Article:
Mon, 24 Apr 2017 12:00:00 -0400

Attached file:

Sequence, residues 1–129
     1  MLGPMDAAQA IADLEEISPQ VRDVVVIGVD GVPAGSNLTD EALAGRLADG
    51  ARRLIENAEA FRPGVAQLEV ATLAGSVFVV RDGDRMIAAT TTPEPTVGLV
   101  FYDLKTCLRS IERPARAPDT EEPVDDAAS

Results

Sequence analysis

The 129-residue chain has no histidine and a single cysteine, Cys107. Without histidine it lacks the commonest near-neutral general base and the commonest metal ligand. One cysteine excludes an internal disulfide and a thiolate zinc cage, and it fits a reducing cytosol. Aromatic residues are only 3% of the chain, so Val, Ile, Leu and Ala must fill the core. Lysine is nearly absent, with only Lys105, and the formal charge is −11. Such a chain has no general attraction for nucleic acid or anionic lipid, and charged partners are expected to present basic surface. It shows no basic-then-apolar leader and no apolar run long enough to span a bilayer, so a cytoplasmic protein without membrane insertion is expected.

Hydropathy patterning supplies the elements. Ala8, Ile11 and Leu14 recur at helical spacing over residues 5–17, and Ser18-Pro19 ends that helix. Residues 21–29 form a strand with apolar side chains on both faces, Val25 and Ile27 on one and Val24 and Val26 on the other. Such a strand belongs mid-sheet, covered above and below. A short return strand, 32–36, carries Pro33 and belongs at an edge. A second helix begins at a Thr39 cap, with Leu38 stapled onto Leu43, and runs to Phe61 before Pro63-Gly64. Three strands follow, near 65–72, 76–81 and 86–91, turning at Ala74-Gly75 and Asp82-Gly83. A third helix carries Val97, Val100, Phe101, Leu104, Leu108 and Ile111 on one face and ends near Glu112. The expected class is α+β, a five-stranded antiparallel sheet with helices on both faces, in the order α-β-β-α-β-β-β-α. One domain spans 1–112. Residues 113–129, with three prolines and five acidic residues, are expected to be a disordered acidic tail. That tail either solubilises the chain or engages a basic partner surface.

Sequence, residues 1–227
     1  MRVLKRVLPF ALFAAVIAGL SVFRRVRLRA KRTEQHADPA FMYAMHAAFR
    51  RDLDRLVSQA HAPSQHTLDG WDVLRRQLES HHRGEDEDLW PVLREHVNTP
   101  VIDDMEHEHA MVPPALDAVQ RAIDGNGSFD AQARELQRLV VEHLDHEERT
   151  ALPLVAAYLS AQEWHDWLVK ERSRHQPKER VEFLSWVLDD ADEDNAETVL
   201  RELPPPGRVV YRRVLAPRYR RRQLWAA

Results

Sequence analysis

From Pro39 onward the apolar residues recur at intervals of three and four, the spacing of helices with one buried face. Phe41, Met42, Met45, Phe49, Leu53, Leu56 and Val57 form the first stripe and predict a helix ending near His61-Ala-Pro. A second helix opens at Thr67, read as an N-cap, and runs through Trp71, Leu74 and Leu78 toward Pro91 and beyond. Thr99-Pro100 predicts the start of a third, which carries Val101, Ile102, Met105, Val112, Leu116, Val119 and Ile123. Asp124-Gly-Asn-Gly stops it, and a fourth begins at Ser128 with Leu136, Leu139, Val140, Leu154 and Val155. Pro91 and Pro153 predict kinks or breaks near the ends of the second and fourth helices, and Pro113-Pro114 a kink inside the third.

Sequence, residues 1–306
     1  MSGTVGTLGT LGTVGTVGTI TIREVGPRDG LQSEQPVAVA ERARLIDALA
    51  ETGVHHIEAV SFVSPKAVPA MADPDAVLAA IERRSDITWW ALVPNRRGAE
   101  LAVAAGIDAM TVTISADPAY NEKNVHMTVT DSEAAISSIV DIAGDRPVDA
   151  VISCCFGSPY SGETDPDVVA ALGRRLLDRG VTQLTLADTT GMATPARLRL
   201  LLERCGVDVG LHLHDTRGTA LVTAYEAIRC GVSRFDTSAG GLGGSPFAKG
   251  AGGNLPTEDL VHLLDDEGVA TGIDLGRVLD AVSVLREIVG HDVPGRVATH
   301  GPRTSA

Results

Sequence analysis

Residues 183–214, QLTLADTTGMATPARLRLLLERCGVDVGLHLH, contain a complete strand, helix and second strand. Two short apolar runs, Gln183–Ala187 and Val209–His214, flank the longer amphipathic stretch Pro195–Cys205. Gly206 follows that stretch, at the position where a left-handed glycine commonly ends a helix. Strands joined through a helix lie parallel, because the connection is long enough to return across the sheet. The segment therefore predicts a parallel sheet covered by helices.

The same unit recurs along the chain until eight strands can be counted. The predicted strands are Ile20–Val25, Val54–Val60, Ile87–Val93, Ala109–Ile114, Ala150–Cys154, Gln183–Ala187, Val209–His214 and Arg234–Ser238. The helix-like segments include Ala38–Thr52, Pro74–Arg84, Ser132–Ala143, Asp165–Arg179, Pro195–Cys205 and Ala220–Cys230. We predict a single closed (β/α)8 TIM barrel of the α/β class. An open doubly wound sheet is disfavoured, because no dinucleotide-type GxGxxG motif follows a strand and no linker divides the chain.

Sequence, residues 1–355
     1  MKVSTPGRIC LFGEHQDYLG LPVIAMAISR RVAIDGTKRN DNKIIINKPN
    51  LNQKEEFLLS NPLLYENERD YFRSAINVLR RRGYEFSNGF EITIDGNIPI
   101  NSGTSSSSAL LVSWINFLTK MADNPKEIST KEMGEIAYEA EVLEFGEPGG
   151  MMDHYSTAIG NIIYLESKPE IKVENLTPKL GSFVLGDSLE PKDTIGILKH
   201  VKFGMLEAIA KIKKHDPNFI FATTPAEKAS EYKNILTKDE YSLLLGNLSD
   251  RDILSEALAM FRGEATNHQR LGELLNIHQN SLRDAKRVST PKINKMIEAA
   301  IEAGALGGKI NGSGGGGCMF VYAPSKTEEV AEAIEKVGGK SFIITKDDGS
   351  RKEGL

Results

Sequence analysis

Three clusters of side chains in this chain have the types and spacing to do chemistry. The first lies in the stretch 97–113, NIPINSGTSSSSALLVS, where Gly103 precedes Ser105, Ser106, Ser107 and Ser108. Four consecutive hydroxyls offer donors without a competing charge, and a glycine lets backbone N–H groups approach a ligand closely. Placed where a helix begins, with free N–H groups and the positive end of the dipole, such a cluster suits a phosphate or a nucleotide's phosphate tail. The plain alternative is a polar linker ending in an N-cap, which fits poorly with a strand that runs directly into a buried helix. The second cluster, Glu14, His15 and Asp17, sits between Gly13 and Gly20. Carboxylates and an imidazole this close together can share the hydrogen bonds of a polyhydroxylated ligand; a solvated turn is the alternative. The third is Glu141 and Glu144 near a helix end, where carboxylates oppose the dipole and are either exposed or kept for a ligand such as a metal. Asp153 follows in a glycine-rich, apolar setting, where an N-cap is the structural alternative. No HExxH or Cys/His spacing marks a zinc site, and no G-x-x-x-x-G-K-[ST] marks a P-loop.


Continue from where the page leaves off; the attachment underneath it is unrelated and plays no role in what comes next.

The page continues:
You probably couldn't get New York Mayor Bill de Blasio and President Trump to agree on the time of day. But on the question of prices they are of one mind. Both of them think they know better than others what stuff should cost. De Blasio recently boasted he will raise (apparently by decree) the price of a pack of cigarettes to $13—"the highest price in the country." The New York Times said his goal "is to persuade or coerce 160,000 of the 900,000 New York City residents who smoke to stop doing so by 2020." De Blasio clearly understands the law of supply and demand: When you raise prices, demand falls. But he evidently hasn't applied that lesson to labor; he supports raising the minimum wage to $15 (which, incidentally, would help the poor afford cigarettes again). Advocates of minimum wage hikes like to claim raising the price of labor doesn't affect the demand for it. They're about as convincing as skeptics of climate change. Trump also wants to raise the price of many things—particularly those things imported from China, for which he has proposed steep tariffs. The trouble with Chinese goods, as he sees it, is that they cost too little, so Americans like buying them, and that hurts domestic producers. To protect producers, it's important to deny the American consumer what she wants. And the simplest way to do that is to raise prices. On the other hand, Trump thinks prescription drugs cost too much. He says the prices must come down "immediately," and he summoned drug company leaders to the White House for a lecture on the topic. Certain drugs do cost a great deal. One stellar example is Sovaldi, a hepatitis cure that costs $75,000. But the price for Sovaldi actually has plunged from a decade ago, when it was essentially infinite because the compound didn't yet exist. Prices for certain goods—a gigabyte of computer storage or a megawatt of solar-generated electricity, for instance—have plunged in recent years. And in historic terms, the relative prices of most consumer goods has fallen sharply too. As the Federal Reserve Bank of Dallas noted 20 years ago, "If modern Americans had to work as hard as their forebears did for everyday products, they'd be in a continual state of sticker shock—$67 scissors, $913 baby carriages, $2,222 bicycles, $1,202 telephones." Prices for some goods do keep going up, however. Two obvious examples are college tuition and health care. By a remarkable coincidence, those also happen to be two areas of the economy in which the government is most heavily involved. Federal and state politicians keep increasing subsidies for college attendance, which encourages colleges and universities to raise prices. Two years ago the Federal Reserve Bank of New York issued a study showing that every dollar of federal student aid hikes tuition by 50 to 65 cents. Health care has suffered from a similar phenomenon. Exempting employer-sponsored health insurance from income taxation while treating it as income for collective-bargaining purposes encouraged employers to substitute overly generous health plans for salary and wages, leading to medical inflation and wage stagnation. All of this price-fixing produces a raft of unintended consequences, not least among them the gunking up of market efficiency. Too many politicians fail to understand that prices are not just charges, they are also signals. Among other things, they signal the need for conservation. When the price of batteries spikes after a hurricane knocks out the power, that tells consumers at least two things: (a) They should not waste batteries on frivolous purposes and (b) they should not buy more than they truly need, so that shortages will be mitigated. It also tells suppliers that they should ship more batteries to the affected area, even if it means extra work, because they will make a lot more mo[...]